Kettlebells have really become popular and now you can find them in any well-equipped gym or studio.
The reason for this is that they’re a great way to train, but they’re also tricky to do if you’ve never used them before. They originally became popular in Russia in the 1800s, although some rumour that they come from ancient Greece. Pavel Tsatsouline can be credited with popularising them as he swore by them for his training while working in Russian Special Forces. His point of view is that they’re like dumbbells but better and come with all the same benefits and more. The reason kettlebell training is unique is that the weight’s centre of mass is away from the hand, meaning that they’re unstable and less predictable, which makes them great for swinging exercises.
Swing when you’re winning
Almost every kettlebell exercise is based around the distinctive swing movement you see with kettlebells. One of the reasons it’s so effective is that it’s not a swing done with the arms, it gets momentum from the movement of the body. As the body moves from a hip hinge to standing up straight, using the back, hamstring and glutes explosively, the movement puts momentum into the kettlebell which swings outwards and then back again. This is a great exercise to practice but make sure your back is straight and not rounded because this is one of the most important aspects of kettlebell posture.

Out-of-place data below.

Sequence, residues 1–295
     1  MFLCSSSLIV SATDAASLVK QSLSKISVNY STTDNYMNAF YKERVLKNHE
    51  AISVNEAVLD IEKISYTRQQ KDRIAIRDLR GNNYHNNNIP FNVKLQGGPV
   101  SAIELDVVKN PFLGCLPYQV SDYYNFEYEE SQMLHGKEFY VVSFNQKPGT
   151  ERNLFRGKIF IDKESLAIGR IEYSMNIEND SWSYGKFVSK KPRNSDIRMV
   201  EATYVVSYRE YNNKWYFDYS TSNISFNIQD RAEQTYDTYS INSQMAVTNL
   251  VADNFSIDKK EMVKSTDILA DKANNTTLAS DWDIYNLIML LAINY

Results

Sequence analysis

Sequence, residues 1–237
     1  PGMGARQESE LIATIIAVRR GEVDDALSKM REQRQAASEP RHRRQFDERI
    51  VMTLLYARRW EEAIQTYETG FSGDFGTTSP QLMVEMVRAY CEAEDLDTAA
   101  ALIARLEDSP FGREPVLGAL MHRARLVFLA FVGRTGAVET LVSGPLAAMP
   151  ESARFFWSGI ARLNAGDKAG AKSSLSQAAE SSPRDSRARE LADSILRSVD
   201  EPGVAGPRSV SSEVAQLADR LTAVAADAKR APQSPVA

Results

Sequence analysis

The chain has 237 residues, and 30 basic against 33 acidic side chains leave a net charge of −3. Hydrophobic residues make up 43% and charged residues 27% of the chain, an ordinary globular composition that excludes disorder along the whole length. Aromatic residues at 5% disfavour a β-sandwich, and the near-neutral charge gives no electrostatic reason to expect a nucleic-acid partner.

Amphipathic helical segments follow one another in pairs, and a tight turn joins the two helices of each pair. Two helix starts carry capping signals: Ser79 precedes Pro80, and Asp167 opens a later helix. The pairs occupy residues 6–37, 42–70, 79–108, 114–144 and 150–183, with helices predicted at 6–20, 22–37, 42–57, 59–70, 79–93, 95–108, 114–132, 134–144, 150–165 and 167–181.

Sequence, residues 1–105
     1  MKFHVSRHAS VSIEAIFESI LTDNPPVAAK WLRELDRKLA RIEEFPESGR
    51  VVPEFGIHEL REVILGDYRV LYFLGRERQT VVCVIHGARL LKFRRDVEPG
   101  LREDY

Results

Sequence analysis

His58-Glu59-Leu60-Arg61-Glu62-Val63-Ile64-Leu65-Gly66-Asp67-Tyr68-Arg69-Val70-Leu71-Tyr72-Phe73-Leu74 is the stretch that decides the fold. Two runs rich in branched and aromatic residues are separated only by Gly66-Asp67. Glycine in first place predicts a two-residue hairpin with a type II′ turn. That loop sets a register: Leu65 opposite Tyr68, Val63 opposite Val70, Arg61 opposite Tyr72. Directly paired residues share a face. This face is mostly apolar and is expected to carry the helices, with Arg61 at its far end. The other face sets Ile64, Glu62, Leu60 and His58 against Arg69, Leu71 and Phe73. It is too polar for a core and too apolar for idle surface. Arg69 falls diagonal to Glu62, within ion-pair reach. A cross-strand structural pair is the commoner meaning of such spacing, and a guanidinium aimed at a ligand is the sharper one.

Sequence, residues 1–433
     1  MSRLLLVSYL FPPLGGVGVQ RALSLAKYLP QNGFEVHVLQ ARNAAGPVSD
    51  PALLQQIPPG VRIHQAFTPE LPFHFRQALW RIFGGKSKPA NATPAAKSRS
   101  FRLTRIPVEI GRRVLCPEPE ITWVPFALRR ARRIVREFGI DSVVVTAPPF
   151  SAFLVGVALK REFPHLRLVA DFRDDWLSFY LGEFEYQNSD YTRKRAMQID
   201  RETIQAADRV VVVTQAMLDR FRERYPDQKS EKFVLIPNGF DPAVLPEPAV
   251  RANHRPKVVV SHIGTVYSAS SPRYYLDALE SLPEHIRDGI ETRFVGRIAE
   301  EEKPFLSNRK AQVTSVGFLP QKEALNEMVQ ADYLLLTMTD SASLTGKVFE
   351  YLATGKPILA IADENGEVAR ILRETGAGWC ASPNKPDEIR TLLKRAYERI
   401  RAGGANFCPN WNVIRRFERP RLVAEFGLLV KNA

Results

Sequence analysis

Kettlebells mix strength and cardio training
Kettlebells are awesome at getting your blood flowing and you’ll quickly find your heart racing. A study by the Australian Council on Exercise found that you can burn as many as twenty calorie per minute in kettlebell training, which matches what you could expect in a cardio class. Plus, you’re getting a strength workout at the same time.
It’s not high-impact
The exercises involved tend to flow from one movement or position to another, much in the same way that you’d find in yoga. With practice, you can get smooth transitions that offer a solid workout for your muscles without jarring your joints. Not that we’d caution against something like plyometrics, but different exercises suit different people and getting a low-impact strength workout can be a real boost to your week.
It offers real-world benefits
Any exercise that offers real-world benefits is often referred to as ‘functional training’, which means that it’s a good exercise for muscular endurance, the respiratory system and overall mobility. The advantage of this is that these are the types of fitness we rely on in everyday life. So, if you hit the gym and train that bicep at the expense of everything else, that’s not very functional, whereas with kettlebell training you’ll see the improvements during everyday life and across the other forms of training you do.
You can easily add it to a routine
Kettlebells are a popular part of many circuit training programmes, which means that you can easily add it to strength training, HIIT or cardio. It may be a little counter-productive to do a heavy bench-press after a run but it makes perfect sense to add in some kettlebell swings instead.
To discover how best to use a kettle bell and other equipment, join a Underground Gym near you and work with our personal training team.